You know, I still can’t believe at the very last minute I fumbled so awkwardly on the shrug! Why was I under the impression that working in the opposite direction would be simple? I guess with stockinette it is simple, but with ribbing, it’s hard to match up the stitches. Lesson learned: next time I’m running a lifeline before snipping.

Nonetheless, two matching cuffs:

Eh? Not bad!

Let me rearrange the cuffs and pan out for a second:

Both cuffs have their respective balls of yarn still attached, and the cuff I had to rework still has a lifeline threaded through. They are obviously done, but why is it so hard to cut loose? To release the knitted object from the yarn? What ifs? What if I decide I want full-length sleeves? What if I realize I knit one too many beaded rows on one of the cuffs?

Cutting yarn is so final. For me, much more in the emotional sense then in the physical one (because I know I can always rejoin a ball).

Next: seaming, blocking, rosettes.

In other news, after boycotting my ball winder for a good 5 months, it now shares my sentiment:

Double-u tee ef is that mesh-like mess at the top? It’s angry at me.

19 thoughts on “Umbilicus

Comments are closed.

  1. Caren

    Amen, sister! Cutting the yarn balls off the sleeves is usually the very last thing I do before blocking/seaming/etc. I usually end up digging into an extra skein due to this paranoia, but what the heck… The shrug is going to be great!

  2. Kat

    I call it “fear of finishing,” and I have a problem with it also. I have never finished anything bigger than a sock–I always get scared about finishing and start something else.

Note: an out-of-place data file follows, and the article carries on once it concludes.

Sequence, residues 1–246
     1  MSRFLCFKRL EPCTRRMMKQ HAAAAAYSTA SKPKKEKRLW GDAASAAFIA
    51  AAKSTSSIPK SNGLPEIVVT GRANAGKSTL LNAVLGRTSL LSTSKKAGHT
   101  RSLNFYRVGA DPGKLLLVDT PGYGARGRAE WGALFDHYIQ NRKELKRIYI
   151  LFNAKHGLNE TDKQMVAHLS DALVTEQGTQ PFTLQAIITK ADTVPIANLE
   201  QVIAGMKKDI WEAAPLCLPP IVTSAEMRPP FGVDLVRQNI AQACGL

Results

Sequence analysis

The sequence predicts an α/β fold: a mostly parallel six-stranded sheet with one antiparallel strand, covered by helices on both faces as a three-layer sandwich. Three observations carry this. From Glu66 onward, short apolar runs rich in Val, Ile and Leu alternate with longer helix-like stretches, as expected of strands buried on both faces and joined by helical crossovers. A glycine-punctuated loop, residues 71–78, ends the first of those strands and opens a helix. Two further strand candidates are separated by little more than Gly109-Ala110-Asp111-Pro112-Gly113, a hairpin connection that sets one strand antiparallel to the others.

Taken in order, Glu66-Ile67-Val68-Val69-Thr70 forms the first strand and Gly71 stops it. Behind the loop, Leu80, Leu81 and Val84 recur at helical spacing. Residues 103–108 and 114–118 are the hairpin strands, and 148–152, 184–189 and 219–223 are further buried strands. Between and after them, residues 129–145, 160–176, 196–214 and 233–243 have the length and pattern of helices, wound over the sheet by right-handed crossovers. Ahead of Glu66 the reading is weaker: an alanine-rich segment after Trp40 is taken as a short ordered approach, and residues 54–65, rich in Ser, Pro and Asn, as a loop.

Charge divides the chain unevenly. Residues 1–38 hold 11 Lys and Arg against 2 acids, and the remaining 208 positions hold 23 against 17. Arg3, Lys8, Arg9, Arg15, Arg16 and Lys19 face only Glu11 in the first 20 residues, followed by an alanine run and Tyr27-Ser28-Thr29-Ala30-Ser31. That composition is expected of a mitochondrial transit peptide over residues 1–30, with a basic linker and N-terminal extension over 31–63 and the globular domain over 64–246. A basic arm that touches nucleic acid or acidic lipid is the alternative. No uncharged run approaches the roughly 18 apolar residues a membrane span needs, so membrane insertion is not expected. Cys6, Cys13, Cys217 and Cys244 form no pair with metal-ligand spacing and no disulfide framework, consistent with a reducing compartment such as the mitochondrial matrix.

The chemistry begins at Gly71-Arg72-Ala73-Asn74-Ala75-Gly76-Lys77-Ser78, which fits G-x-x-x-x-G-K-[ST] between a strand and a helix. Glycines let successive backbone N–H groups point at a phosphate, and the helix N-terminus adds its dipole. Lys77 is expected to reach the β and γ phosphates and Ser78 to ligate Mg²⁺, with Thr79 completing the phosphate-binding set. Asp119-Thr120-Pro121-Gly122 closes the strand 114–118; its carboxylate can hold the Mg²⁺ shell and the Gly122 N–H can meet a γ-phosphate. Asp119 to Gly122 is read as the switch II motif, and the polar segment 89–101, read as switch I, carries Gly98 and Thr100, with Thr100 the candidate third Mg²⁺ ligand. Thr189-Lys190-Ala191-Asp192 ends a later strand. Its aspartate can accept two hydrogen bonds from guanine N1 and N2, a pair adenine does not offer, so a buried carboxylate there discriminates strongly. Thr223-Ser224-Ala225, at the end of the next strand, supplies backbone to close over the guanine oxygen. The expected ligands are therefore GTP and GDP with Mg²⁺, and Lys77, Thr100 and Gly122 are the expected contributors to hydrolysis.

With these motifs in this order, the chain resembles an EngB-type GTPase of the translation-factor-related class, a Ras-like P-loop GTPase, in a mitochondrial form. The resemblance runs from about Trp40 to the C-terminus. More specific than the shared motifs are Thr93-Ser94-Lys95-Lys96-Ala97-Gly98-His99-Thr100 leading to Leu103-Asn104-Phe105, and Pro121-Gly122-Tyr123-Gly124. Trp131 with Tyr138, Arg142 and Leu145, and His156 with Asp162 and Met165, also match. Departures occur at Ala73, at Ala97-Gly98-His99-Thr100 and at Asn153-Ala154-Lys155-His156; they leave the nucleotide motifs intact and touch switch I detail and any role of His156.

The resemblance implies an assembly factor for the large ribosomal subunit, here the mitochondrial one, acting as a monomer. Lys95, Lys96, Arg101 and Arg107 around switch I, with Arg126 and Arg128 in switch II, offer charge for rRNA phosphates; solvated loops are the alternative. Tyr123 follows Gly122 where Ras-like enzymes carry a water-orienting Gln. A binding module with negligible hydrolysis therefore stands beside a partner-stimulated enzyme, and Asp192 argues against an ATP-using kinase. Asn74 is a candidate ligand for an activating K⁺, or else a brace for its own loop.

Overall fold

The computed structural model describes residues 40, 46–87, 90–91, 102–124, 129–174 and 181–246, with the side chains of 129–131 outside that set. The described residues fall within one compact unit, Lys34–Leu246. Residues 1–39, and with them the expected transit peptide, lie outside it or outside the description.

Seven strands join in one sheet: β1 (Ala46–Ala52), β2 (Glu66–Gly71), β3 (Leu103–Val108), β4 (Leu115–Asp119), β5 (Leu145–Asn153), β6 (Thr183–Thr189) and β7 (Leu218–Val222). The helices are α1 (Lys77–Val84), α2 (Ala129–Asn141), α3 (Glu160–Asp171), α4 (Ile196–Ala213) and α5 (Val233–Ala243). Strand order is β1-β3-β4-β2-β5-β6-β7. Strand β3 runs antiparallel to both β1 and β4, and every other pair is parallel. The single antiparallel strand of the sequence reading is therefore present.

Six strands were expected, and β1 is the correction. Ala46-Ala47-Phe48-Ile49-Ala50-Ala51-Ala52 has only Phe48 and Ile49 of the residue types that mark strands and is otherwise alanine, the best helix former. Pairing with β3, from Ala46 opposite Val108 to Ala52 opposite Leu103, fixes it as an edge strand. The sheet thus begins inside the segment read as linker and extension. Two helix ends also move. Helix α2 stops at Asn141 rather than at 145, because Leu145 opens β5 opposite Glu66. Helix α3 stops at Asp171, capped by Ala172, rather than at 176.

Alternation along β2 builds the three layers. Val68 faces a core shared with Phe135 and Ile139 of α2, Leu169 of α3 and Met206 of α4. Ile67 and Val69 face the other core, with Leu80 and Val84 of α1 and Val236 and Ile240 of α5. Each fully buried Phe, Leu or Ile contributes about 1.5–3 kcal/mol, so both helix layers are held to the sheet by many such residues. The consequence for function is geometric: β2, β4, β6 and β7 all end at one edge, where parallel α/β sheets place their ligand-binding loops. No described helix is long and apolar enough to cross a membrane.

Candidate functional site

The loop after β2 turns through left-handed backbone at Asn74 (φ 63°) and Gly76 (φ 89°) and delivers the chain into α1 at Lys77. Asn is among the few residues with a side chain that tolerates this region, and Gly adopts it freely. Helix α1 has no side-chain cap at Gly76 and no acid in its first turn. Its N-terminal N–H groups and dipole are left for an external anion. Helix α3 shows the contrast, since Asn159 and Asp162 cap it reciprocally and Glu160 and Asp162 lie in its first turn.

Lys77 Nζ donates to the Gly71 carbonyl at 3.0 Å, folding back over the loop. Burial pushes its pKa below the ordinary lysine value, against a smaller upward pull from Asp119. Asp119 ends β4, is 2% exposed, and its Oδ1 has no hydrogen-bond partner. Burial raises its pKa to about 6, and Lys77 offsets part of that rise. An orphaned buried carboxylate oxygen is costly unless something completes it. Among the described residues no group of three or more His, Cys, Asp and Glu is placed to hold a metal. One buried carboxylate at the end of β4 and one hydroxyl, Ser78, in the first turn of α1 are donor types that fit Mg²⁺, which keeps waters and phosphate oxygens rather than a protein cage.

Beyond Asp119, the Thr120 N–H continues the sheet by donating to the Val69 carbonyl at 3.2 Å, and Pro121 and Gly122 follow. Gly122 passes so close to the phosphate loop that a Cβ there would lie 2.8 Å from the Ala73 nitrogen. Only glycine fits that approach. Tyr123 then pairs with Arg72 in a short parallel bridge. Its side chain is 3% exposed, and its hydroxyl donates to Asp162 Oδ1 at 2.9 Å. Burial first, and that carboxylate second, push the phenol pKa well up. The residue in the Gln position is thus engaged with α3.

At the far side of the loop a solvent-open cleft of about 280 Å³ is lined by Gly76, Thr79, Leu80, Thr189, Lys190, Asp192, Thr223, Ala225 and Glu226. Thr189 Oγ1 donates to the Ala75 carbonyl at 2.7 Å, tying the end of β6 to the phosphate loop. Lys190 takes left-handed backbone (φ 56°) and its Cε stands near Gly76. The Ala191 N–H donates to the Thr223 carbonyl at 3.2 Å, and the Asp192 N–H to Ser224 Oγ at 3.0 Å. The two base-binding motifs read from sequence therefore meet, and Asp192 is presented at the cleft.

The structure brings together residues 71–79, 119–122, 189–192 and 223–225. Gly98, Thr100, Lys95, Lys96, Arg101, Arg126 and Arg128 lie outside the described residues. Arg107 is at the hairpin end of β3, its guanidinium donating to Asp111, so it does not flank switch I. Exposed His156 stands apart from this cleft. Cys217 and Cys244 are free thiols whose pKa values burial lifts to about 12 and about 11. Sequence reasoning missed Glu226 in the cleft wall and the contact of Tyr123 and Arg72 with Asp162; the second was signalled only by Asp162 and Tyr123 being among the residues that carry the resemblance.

BTW, I am a year-of-the-monkey linguist graduate student, also. Weird?

  3. Sarah

    Even if a pain, your cuffs turned out beautifully. I say cut away! You can never have too many 3/4 shirts. Long sleeves are overrated.

  4. claudia

    I don’t think its fear. My carpenter father always used to say “measure twice, cut once”. Being loathe to cut is a plus, I think.

  5. Kim

    I’m that way about cutting the yarn too.. I guess one could be all philosophical and make a correlation to “cutting the cord” but should we really get that deep into knitting and the Psyche?

    As for the cuffs.. the beading looks 100% better.. but it’s a shame that the scallop seems to have gone away.. Maybe that’s why you haven’t cut yet?

  6. Agnes

    The yarn shop wound the Manos hank into a center-pull ball for me … but I found that it collapsed just like an ordinary ball … the result is the same … tangled mess. So, now I hand wind everything into a big ball … that’s the best I think.

  7. paula

    No center pull! NO center pull!

    For the love of all that is sacred, DO NOT, I repeat: DO NOT pull that yarn out from the center!


    Is that the Malabrigo?

  8. Lou

    Your cuffs look amazing. You have done a beautiful job. I really like the new placement for the beads. It features them better. I can’t wait to see the whole shrug done and modelled!

  9. Juno

    I find the ball winder does that sometimes if I’m winding something quite fine – particularly if I’m winding either a lot, or a very little of it. I think each yarn kind of has a max/min on what makes a stable ball and if you exceed it, the little fine bits slide off the shoulders as it spins. Still works OK, but not as pretty.

    Shrug is gorgeous – not at all booobalicious.

Comments are closed.